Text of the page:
Published Date: 22 October 2010

Speech by Senior Minister Goh Chok Tong at the NTUC Income 40th Anniversary Gala Dinner at Marina Bay Sands on 22 October at 7.00pm

1   In 1990 and 2000, I had the pleasure of celebrating with you INCOME’s 20th and 30th anniversaries.  I am very happy to see that INCOME has grown from strength to strength as it celebrates its 40th anniversary.  Naturally, I am anxiously looking forward to your 50th anniversary.

Formation of INCOME and Adhering to Sound Principles

2   INCOME was another of the many initiatives of the late Dr Goh Keng Swee.  At the “Modernisation of the Labour Movement” seminar in 1969, he mooted the idea of setting up a life insurance co-operative (“co-op”).  A year after, INCOME was formed.

3   Dr Goh believed that a life insurance co-op would advance the cause of the labour movement.  Such a co-op would be fulfilling a genuine social need.  By getting members of the working class to take out life insurance policies at a cost they can afford, the co-op will help them alleviate hardship at times of unexpected events and build up valuable savings for old age.  Besides, the labour movement is an inclusive one, bridging different communities, languages and even to some extent, status.  The network of trade unions and branches would provide the life insurance co-op with a clear advantage over private enterprise.

4   To ensure that the co-op would succeed, the realist in Dr Goh laid down a few principles for its operation.  First, the co-op must be fully competitive with private enterprises and cannot expect privileged treatment from the Government.  Second, the co-op must have effective management.  Third, all levels of staff should be recruited based on merit and not affiliations with the labour movement or government.  It was the steadfast adherence to these sound principles that has kept INCOME successful over the past 40 years.

The Growth of Singapore’s Insurance Industry

5   At INCOME’s 30th anniversary celebration, I had sketched out the changes in the global financial landscape, and how MAS had to liberalise the domestic insurance industry.  Reputable foreign insurers were allowed to set up in Singapore or enter into strategic alliances with existing local insurers.  The hope was for the entry of new players to engender competition, which would in turn promote greater innovation and raise the efficiency of the incumbent insurers.  MAS also worked on deepening the local talent pool and fine-tuned the already prudent regulatory framework.

6   Ten years on, these efforts have yielded significant results.  The Singapore insurance industry, which saw a number of acquisitions, consolidations and new entrants, experienced strong growth, with total assets tripling to S$136bn over the past decade.  The industry has also matured in terms of the breadth and depth of products and services offered.  For example, we see increased capacity in writing specialised risks like aviation, energy, marine and political risks.  For the life insurance industry, we have also seen greater product innovation as well as increased interest from insurers offering more sophisticated products catering to the needs of the high net-worth and mass affluent segments.

Future Challenges and Opportunities

7   But greater challenges and opportunities lie ahead.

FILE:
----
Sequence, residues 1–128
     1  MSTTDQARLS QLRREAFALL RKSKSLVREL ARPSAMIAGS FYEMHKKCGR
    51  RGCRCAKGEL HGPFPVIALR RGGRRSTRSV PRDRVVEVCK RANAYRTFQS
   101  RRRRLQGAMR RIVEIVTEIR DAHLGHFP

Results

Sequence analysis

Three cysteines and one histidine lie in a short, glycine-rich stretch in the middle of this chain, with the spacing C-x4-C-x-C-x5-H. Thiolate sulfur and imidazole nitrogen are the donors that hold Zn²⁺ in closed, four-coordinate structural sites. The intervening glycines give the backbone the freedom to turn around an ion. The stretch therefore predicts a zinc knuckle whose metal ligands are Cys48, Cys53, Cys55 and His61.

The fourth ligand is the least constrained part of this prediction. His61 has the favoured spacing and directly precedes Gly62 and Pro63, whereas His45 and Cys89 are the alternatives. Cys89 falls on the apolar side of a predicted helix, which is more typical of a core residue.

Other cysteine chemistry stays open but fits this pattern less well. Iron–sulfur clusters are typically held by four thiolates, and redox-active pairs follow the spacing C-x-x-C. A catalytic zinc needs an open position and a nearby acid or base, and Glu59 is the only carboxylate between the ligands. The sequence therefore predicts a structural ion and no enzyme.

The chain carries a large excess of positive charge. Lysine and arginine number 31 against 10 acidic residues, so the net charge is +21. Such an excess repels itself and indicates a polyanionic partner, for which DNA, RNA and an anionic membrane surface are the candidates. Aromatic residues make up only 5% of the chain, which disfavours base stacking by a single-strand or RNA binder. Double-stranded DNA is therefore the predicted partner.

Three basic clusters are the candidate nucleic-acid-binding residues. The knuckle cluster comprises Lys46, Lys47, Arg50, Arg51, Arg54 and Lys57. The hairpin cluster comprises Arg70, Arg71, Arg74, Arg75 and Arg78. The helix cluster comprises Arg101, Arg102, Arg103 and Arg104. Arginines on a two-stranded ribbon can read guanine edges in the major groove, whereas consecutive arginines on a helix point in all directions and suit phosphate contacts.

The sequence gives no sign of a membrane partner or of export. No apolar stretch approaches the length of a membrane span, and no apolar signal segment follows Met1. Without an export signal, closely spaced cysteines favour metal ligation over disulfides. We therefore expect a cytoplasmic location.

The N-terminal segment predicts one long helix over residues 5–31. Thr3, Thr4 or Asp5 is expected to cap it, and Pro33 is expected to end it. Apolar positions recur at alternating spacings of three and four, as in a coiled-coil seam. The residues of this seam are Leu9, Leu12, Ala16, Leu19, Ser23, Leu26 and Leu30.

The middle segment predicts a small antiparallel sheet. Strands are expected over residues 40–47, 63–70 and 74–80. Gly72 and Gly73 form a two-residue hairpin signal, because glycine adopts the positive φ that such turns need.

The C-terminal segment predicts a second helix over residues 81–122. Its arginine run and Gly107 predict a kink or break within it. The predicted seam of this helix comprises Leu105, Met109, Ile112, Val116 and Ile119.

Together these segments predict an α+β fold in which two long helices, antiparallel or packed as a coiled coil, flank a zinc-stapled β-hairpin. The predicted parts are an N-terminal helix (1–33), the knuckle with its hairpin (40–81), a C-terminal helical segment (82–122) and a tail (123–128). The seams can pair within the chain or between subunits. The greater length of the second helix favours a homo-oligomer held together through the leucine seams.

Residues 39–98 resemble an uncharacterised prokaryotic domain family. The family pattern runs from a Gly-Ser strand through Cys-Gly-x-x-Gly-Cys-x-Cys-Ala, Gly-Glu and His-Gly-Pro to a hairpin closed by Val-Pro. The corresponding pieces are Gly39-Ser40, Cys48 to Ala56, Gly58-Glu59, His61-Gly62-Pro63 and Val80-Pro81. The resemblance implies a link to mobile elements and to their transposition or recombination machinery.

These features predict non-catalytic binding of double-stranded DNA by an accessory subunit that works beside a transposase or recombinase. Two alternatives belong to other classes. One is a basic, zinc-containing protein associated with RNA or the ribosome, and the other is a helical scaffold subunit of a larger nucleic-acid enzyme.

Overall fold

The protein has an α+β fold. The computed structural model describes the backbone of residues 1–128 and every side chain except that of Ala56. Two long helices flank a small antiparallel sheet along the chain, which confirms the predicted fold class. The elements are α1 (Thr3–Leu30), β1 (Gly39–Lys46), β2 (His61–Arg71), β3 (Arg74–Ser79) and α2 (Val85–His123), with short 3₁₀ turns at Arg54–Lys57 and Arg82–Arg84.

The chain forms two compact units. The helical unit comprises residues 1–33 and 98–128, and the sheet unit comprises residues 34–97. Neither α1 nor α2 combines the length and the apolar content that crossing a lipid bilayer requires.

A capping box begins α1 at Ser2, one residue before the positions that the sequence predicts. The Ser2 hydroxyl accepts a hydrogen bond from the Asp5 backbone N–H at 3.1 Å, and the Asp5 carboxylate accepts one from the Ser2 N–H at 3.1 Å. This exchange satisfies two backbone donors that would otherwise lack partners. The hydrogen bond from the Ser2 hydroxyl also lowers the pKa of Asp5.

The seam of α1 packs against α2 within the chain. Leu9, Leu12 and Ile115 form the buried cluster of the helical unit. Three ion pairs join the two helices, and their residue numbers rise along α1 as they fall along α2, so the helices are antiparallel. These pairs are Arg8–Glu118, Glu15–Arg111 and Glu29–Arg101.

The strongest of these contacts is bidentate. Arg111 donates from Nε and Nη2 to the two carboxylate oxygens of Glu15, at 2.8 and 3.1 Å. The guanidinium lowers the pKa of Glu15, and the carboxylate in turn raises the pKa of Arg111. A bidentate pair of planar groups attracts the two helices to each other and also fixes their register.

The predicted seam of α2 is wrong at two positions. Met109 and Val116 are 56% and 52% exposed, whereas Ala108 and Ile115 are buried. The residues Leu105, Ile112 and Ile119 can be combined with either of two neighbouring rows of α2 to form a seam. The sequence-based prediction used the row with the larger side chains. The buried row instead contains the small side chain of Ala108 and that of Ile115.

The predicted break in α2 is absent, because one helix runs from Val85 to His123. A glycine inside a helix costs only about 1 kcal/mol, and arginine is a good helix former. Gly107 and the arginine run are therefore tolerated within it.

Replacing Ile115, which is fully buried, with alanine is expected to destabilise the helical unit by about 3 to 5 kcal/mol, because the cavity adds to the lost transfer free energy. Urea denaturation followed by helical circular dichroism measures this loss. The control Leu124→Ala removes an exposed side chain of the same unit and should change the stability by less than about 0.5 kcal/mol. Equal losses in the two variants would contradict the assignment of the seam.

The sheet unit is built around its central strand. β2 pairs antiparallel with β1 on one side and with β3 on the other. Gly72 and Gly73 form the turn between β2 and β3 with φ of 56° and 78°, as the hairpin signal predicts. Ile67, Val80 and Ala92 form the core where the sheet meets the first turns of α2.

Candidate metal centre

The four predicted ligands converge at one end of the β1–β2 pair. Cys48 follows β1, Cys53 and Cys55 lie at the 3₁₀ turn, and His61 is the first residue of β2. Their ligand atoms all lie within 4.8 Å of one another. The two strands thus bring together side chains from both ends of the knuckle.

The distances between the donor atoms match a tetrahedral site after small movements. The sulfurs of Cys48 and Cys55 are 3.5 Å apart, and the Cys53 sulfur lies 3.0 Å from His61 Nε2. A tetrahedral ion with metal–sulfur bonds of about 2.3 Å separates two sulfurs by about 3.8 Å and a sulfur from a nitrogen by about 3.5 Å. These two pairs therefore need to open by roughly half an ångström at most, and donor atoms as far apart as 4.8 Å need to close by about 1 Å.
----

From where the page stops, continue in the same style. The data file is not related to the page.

Enhancing Risk Management Capabilities

8   The recent global financial crisis has underscored the importance for financial institutions to have strong risk management capabilities.  The use of risk management tools such as stress testing, for example, helps identify potential risks, and allows counter-measures to be instituted early.  Insurers in Singapore would have to keep abreast of developments internationally, and should continually look for ways to deepen their risk management tools and capabilities.  INCOME is no exception.  But unlike some of the other insurers that are part of larger global financial institutions and can therefore leverage on their parents’ risk management expertise, INCOME does not have such an advantage.  These global financial institutions have widely-tested risk management practices and more established risk management cultures, given their richer experience.  INCOME would have to grow its risk management expertise internally, but it would do well to learn from these global players’ recent experiences.

Strengthening Governance

9   However, having risk management tools and capabilities alone will not be enough.  The challenge is often in successfully integrating enterprise risk management into the insurer’s business, and this would require effective governance.  As we have seen from numerous case studies during the financial crisis, weak corporate governance is often the key reason for the failures of financial institutions.

10   Much work continues to be done in developing regulatory requirements on governance in many jurisdictions.  In Singapore, MAS has proposed enhancements to its corporate governance regulations and guidelines, drawing lessons from the recent financial crisis and international developments.  The key proposals include strengthening the Board of Directors’ independence and oversight on risk management; ensuring that the Board has the appropriate skills and time to perform its role effectively; and requiring the Board to set appropriate remuneration policies to prevent excessive risk-taking.  INCOME should benchmark itself against the best governance practices even though it is set up as a co-operative.